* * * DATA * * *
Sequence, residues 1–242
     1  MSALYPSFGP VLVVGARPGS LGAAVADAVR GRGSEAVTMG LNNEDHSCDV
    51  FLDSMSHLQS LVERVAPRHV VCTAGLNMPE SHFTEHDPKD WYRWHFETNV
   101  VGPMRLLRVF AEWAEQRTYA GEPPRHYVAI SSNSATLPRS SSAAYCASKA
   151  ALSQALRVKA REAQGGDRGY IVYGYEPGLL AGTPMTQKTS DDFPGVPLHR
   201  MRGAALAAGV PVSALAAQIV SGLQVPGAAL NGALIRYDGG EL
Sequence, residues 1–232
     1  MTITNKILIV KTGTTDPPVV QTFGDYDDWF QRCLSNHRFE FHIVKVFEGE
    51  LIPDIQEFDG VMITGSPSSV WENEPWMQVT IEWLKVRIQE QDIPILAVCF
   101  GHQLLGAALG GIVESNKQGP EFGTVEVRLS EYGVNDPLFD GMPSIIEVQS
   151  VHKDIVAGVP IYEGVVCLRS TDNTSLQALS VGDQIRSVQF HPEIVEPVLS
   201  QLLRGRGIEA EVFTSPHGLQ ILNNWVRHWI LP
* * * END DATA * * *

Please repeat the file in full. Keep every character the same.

Sequence, residues 1–242
     1  MSALYPSFGP VLVVGARPGS LGAAVADAVR GRGSEAVTMG LNNEDHSCDV
    51  FLDSMSHLQS LVERVAPRHV VCTAGLNMPE SHFTEHDPKD WYRWHFETNV
   101  VGPMRLLRVF AEWAEQRTYA GEPPRHYVAI SSNSATLPRS SSAAYCASKA
   151  ALSQALRVKA REAQGGDRGY IVYGYEPGLL AGTPMTQKTS DDFPGVPLHR
   201  MRGAALAAGV PVSALAAQIV SGLQVPGAAL NGALIRYDGG EL
Sequence, residues 1–232
     1  MTITNKILIV KTGTTDPPVV QTFGDYDDWF QRCLSNHRFE FHIVKVFEGE
    51  LIPDIQEFDG VMITGSPSSV WENEPWMQVT IEWLKVRIQE QDIPILAVCF
   101  GHQLLGAALG GIVESNKQGP EFGTVEVRLS EYGVNDPLFD GMPSIIEVQS
   151  VHKDIVAGVP IYEGVVCLRS TDNTSLQALS VGDQIRSVQF HPEIVEPVLS
   201  QLLRGRGIEA EVFTSPHGLQ ILNNWVRHWI LP